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Author Archives: jtauss

Here’s a Study Just in Time for Healthy Aging Month

September is Healthy Aging Month—a great time to make lifestyle changes that raise our chances of remaining independent and well for as long as possible.

By now, you probably know that certain lifestyle choices, such as diet and exercise, can lengthen our lives. But gerontologists remind us that the quality of those extra years is equally, if not more, important. It benefits seniors, their families, and our society as a whole to reduce the average period of disability at the end of life.

The U.S. Census Bureau defines disability as “an individual’s physical or mental impairment that substantially limits one or more major life activities of that individual.” A recent report from the Bureau found that nearly 40 percent of all people age 65 and older have at least one disability, and this percentage rises with age. Difficulty walking and climbing is by far the most common disability, followed by hearing loss, vision loss and cognitive impairment.

A recent study from the American Geriatrics Society looked at 25 years’ worth of data on 5,248 older adults, and discovered that men experience, on average, close to three years of disability at the end of life, while women live 4.5 years with limited abilities. The study also found that certain factors reduced the number of years that a participant lived with disability near the end of life.

Four lifestyle choices in particular were associated with fewer years of disability:

  • Greater distance walked—Participants who walked more had both longer and healthier years—with a 0.5 percent improvement per every 25 blocks walked per week.
  • Healthier diet—Those participants who ate healthful food remained independent longer.
  • A healthy body weight—Participants who were obese spent more of their later years living with disability.
  • Avoiding smoking—Participants who smoked lived shorter lives, with substantially greater disability at the end.

Concluded the study author, University of Pittsburgh School of Public Health professor Dr. Anne Newman, “We discovered that by improving lifestyle, we can postpone death, but even more so, we can postpone disability—in fact, it turns out that we’re compressing that disabled end-of-life period to a shorter timeframe. This clearly demonstrates the value of investing in a healthy lifestyle.”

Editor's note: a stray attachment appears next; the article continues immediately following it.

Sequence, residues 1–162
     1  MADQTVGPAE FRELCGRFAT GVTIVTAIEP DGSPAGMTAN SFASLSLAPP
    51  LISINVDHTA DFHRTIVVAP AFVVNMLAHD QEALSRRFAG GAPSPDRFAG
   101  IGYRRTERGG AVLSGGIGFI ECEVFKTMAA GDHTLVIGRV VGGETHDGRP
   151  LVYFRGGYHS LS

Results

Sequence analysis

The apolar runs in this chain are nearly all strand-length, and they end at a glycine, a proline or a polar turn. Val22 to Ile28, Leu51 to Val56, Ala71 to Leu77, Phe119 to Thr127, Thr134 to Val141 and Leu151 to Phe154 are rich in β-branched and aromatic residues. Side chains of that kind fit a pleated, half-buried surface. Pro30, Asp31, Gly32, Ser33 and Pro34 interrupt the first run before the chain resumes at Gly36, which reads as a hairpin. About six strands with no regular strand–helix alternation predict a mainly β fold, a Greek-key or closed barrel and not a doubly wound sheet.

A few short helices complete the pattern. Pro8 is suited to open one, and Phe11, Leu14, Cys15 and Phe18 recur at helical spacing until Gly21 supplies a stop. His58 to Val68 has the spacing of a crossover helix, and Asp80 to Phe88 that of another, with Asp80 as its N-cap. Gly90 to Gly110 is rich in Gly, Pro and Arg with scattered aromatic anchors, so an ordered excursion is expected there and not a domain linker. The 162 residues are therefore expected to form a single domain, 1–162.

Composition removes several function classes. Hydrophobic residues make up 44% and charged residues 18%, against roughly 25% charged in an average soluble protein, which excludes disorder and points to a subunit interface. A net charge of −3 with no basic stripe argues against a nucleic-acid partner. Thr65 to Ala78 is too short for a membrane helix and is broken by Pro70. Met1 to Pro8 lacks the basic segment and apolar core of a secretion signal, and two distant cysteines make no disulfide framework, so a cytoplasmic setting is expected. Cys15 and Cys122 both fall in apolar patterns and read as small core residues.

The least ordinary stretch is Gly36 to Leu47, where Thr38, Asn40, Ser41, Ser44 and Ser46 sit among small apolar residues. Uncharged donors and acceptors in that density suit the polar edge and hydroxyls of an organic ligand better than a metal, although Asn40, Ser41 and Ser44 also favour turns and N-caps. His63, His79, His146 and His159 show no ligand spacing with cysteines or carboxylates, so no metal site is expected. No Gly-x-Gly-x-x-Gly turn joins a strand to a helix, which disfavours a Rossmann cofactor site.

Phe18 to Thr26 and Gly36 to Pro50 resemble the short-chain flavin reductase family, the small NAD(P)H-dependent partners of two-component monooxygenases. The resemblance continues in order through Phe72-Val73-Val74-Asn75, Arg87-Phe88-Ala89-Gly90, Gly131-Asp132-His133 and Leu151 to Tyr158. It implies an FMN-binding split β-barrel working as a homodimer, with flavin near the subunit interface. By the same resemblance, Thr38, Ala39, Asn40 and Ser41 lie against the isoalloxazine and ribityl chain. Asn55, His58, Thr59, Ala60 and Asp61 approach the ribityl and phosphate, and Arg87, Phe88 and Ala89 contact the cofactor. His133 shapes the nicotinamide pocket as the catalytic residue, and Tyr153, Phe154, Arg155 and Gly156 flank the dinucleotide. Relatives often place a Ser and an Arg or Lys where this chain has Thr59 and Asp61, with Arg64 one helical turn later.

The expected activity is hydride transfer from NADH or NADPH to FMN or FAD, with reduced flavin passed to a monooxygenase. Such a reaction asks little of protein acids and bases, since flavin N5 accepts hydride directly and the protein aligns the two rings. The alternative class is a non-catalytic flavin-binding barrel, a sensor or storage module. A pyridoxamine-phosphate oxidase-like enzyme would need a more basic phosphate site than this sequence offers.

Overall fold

Source: IlluminAge AgeWise reporting on a study published in the Journal of the American Geriatrics Society

Falls Raise a Senior’s Risk of a Car Accident

  September 22, 2017 is Falls Prevention Awareness Day, a great time to learn about the surprising relationship between two leading causes of injuries in older adults. Falls and car accidents are two common causes of serious injuries in older adults, and can lead to disability, loss of independence and even death. Experts note that… Continue Reading

Alzheimer’s Experts Confirm the Role of Diet

For years, nutritionists and neurologists have been examining the link between the foods people eat and the risk of developing dementia. At the recent 2017 Alzheimer’s Association International Conference, experts presented evidence from four major studies that help firm our understanding of dietary choices that protect the brain. In a resolution statement at the conference,… Continue Reading

More Seniors Than Ever, Says New Census Report

In June 2017, the United States Census Bureau released a population estimate showing that we have more seniors than at any other time in history. Census expert Peter Borsella explains that the aging of the baby boomers, who started turning 65 in 2011, is what’s behind this trend. Said demographer Lauren Medina, “Our country’s demographic… Continue Reading

When a Loved One Is Diagnosed with Alzheimer’s Disease, Should They Give Up the Car Keys?

Dad has been diagnosed with early-stage Alzheimer’s disease. He insists that it’s still perfectly safe for him to drive—but is it? This conversation has led to some tense moments as the family discuss the best way to care for Dad as the disease progresses. Some of the common changes of aging can make driving unsafe.… Continue Reading